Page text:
Black-haw viburnum is a large, native shrub or a small tree. In spring, new leaves emerge copper-colored followed by white, flat-topped flowers. In fall, black fruits contrast with the pinkish-red foliage. A great plant for naturalized areas.
This species is native to the Chicago region according to Swink and Wilhelm’s Plants of the Chicago Region, with updates made according to current research.
- Family (English) Elderberry
- Family (botanic) Adoxaceae
- Tree or plant type Shrub
- Foliage Deciduous (seasonally loses leaves)
- Native locale Chicago area, Illinois, North America
- Size range Large shrub (more than 8 feet), Compact tree (10-15 feet)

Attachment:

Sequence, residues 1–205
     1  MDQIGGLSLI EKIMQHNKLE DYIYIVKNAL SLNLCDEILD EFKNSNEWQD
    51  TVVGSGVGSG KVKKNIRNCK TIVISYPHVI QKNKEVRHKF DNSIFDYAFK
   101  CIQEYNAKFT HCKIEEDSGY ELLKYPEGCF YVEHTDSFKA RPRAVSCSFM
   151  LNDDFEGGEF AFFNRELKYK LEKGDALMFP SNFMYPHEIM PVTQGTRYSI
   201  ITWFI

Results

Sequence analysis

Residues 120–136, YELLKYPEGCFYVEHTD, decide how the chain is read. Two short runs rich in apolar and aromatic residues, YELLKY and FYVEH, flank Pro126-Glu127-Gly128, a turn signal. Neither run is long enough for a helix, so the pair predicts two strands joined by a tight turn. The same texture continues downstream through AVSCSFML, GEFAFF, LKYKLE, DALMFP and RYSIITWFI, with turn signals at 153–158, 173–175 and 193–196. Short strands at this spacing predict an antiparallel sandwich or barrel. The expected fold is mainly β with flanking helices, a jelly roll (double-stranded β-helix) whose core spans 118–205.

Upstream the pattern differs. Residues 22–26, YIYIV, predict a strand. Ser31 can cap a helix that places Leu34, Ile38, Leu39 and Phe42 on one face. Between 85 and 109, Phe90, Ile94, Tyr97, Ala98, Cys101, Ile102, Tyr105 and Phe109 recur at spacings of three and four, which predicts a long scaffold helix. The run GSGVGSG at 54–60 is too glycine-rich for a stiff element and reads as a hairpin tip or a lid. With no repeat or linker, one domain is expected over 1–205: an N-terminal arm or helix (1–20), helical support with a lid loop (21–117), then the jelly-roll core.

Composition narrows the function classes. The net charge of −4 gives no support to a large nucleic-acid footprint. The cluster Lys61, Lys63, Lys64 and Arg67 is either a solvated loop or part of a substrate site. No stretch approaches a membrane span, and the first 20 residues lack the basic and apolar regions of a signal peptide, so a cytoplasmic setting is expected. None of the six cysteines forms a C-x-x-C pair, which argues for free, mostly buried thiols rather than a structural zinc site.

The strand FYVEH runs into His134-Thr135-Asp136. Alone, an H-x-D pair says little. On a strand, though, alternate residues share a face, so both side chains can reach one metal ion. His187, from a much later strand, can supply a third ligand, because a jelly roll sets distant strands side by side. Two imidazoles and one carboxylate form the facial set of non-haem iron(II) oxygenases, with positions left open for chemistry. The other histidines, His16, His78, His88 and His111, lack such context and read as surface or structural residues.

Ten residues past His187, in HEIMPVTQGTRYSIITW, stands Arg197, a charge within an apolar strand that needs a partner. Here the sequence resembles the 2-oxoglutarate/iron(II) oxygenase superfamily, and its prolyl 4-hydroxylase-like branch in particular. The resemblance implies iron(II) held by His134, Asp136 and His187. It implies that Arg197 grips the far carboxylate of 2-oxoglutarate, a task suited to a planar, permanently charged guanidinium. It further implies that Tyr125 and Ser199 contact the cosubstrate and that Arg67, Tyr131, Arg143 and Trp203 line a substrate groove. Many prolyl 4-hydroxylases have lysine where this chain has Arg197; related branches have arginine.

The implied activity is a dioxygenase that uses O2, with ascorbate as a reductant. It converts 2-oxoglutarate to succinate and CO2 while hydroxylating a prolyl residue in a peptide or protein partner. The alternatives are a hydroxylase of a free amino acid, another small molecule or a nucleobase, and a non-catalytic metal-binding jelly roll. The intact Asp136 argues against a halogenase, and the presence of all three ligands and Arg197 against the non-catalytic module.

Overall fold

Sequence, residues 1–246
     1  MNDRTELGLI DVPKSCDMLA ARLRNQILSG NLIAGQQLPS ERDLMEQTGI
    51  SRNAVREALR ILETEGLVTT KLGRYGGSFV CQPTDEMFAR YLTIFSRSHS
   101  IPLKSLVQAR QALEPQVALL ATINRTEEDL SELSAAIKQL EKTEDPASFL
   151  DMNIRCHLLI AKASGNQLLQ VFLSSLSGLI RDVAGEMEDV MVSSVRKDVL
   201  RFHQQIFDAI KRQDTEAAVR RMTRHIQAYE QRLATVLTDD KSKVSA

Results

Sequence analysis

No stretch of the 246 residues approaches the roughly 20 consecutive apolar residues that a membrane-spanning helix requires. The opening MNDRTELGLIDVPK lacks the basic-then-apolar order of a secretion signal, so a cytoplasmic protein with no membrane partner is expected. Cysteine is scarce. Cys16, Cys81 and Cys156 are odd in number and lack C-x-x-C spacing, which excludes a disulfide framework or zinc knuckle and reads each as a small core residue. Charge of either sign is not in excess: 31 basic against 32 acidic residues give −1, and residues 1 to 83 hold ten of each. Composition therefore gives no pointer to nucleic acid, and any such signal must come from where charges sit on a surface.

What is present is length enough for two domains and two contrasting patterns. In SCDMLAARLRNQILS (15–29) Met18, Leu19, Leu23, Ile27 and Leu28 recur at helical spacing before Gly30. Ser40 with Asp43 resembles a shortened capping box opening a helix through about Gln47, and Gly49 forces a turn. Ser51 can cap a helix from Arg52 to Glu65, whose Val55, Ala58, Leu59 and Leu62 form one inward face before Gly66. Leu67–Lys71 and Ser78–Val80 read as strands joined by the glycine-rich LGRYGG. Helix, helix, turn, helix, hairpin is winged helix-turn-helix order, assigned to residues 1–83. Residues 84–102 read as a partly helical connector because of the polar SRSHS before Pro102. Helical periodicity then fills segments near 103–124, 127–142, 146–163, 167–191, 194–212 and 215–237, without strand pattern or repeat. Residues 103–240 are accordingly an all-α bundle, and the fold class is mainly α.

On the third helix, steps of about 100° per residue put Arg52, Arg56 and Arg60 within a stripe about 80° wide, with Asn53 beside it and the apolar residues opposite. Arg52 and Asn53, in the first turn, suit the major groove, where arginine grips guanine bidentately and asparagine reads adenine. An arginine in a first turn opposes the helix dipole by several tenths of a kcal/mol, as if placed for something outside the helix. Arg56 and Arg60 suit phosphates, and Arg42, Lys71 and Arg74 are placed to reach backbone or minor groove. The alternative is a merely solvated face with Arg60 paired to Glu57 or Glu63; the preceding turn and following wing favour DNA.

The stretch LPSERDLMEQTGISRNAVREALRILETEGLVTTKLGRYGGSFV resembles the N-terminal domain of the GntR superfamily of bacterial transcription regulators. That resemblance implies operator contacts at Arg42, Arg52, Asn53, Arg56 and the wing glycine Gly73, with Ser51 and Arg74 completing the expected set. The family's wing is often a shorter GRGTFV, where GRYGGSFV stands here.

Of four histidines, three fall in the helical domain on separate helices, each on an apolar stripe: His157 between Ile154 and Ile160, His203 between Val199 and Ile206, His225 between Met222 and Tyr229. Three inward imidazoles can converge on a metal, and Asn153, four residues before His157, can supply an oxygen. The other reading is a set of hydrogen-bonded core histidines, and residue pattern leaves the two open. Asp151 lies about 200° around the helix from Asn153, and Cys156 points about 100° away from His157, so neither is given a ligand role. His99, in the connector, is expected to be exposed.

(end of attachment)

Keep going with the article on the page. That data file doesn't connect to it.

- Light exposure Full sun (6 hrs direct light daily), Partial sun / shade (4-6 hrs light daily)
- Hardiness zones Zone 3, Zone 4, Zone 5 (Northern Illinois), Zone 6 (City of Chicago), Zone 7, Zone 8, Zone 9
- Soil preference Moist, well-drained soil
- Tolerances Alkaline soil, Clay soil, Dry sites, Occasional drought
- Season of interest mid spring, late spring, early fall, mid fall
- Flower color and fragrance Fragrant, White
- Shape or form Multi-stemmed, Round, Upright
- Growth rate Moderate, Slow